Dear Grandparenting: Grandparents like to boast about their grandchildren whenever they get together. It’s a big game of Can You Top This? Someone starts off talking about what a smart grandson they have. Next thing you know, someone else tries to top that by bragging about their genius granddaughter.
We never had any academic superstars in our family. My grandchildren are blessed with common sense but don’t shine in class. My oldest grandchild didn’t score real well on tests that show if he’s ready for college. Does he have any chance to make it or is this something like the kiss of death? Bucky Jackson, Charlotte, North Carolina
Dear Bucky: Academically gifted high school students are not necessarily the runaway winners in life, as anyone who ever attended their high school reunion can tell you.
Some kids peak in high school, but many that excel early on cannot cope with adversity when the going gets tough. Tests can measure academic aptitudes, but they cannot take the measure of a grandchild’s heart, drive or intestinal fortitude. Motivation is the master aptitude. Call it what you will — resilience, character, guts, a willingness to pay the price — but these qualities are the best predictors of a grandchild’s future success.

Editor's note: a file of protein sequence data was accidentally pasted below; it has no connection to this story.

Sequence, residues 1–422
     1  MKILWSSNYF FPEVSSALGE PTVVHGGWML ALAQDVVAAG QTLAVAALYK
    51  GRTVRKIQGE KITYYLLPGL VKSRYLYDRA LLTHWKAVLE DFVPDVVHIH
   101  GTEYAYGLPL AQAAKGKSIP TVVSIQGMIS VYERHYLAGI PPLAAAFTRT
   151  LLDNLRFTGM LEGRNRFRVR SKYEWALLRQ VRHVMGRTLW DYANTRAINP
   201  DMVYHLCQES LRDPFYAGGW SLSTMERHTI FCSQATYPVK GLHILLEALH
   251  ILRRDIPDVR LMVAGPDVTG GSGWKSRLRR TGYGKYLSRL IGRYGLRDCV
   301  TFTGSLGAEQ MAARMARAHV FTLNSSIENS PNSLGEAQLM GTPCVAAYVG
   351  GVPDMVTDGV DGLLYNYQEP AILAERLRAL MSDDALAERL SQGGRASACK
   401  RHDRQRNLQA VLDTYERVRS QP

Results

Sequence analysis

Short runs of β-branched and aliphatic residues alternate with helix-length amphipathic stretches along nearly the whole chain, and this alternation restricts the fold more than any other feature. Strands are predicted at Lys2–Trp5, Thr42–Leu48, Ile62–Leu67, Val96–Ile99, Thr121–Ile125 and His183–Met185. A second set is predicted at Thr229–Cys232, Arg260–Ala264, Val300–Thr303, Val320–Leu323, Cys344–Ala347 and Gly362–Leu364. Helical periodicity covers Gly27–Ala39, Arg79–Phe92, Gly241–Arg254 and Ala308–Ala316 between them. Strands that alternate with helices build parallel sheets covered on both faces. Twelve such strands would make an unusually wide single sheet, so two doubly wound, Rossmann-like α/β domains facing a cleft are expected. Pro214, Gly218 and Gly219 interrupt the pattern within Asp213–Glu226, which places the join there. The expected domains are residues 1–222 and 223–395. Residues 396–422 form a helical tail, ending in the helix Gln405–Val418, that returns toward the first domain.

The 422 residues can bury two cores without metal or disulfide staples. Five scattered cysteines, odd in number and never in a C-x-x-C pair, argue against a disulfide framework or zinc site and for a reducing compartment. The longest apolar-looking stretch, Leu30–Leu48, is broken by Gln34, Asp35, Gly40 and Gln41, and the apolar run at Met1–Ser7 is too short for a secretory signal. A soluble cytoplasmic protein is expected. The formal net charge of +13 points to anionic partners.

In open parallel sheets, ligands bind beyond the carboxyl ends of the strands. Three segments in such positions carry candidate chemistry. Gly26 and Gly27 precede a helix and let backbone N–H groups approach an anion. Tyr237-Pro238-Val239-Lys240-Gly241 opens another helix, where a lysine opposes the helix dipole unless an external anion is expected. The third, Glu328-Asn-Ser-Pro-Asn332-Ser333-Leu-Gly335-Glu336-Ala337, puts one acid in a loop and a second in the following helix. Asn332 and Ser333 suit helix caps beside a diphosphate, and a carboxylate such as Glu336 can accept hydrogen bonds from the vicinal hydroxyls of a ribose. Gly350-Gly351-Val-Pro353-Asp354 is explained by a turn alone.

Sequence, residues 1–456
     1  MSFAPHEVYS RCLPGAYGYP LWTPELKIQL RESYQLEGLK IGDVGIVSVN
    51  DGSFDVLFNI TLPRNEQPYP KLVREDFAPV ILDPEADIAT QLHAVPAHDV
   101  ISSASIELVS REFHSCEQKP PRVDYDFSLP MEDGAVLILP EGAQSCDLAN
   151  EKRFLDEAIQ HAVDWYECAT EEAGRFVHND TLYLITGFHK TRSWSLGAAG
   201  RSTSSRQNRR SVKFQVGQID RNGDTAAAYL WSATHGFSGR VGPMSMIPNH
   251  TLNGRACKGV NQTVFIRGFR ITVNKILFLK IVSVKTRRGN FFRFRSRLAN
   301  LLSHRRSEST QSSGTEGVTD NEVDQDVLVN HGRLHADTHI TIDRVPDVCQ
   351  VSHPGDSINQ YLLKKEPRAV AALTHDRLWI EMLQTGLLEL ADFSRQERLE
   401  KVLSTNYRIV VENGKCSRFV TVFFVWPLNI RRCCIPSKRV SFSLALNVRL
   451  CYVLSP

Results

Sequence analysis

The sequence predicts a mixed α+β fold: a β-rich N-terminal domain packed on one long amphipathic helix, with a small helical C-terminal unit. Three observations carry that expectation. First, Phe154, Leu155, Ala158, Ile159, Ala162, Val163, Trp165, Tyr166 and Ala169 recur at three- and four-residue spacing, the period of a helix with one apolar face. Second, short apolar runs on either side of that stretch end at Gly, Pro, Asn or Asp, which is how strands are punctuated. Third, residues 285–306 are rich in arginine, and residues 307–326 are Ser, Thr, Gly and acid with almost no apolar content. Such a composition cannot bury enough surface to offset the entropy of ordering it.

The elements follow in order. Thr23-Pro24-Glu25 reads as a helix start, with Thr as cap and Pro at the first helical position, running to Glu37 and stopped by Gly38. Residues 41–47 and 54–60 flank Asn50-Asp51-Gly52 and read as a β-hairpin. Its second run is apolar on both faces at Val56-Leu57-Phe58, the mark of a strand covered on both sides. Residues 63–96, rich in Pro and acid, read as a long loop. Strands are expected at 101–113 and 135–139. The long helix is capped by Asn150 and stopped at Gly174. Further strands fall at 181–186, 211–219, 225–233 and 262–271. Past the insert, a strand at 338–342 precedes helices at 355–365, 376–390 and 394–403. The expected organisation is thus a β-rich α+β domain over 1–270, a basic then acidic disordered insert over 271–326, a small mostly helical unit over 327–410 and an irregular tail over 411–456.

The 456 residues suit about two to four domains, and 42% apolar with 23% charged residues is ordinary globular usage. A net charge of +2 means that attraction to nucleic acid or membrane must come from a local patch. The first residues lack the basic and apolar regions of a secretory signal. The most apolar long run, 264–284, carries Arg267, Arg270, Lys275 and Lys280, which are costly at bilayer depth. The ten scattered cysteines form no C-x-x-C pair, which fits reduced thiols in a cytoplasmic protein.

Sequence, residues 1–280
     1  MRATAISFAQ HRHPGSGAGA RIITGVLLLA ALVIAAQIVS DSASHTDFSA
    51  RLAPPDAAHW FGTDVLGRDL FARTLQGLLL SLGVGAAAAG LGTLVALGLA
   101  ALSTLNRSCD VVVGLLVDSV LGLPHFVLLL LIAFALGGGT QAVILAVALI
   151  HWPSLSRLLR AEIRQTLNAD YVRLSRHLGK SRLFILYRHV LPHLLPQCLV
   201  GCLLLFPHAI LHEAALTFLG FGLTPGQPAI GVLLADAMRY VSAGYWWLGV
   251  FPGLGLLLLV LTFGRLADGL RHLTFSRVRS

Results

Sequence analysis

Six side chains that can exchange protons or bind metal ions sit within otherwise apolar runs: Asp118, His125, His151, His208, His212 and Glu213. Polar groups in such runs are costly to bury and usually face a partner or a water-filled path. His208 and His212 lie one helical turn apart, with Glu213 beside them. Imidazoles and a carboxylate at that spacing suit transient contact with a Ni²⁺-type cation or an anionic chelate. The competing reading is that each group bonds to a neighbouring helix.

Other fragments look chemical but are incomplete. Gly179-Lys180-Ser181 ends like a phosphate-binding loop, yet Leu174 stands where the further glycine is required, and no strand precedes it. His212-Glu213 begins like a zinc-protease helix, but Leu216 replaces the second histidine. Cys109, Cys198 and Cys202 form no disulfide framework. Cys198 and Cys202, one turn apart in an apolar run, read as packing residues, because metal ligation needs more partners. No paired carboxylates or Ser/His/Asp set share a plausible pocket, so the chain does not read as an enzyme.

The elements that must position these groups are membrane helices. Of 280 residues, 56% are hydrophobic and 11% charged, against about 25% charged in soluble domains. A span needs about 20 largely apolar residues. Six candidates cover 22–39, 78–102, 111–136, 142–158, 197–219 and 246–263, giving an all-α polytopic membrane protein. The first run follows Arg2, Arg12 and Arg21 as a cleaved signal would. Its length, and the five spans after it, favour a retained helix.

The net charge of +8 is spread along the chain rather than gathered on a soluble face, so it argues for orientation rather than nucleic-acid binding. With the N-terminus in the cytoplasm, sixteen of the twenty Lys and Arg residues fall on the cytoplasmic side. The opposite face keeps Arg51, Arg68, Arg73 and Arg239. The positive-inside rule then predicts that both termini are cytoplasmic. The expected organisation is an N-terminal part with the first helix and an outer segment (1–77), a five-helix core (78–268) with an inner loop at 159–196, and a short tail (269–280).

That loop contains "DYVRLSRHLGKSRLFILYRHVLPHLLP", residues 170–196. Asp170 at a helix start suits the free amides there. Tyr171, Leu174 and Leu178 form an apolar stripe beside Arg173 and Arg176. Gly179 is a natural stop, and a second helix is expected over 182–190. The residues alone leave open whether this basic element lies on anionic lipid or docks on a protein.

Can grandparents nurture motivation? You bet, according to the National Association of School Psychologists (NASP).
The trick is to engage grandchildren in activities that provide them with intrinsic rewards; i.e., activities of the child’s choosing that pleases him, thus generating sustained effort, satisfaction and confidence.
The activity must be challenging enough to keep the child interested, but not so difficult as to overwhelm him. Grandchildren with intrinsic motivation don’t need grandparents hovering over them. If not, they are more inclined to complain and compete for attention. For a fuller explanation, visit NASP’s web site (www.nasponline.org) and do a search re: childhood motivation.
GRAND REMARK OF THE WEEK
Ivan Marty, of Butler, Maryland, reports that “it’s so funny how roles are reversed” when granddaughter Patty, 3, pays him a visit.
“When she’s at home, she is taught to come running when her parents call. At my place, I’m the one who comes running when Patty calls.”
Dee and Tom, married more than 50 years, have eight grandchildren. Together with Key, they welcome questions, suggestions and Grand Remarks of the Week. Send to P.O. Box 27454, Towson, MD, 21285. Call 410-963-4426.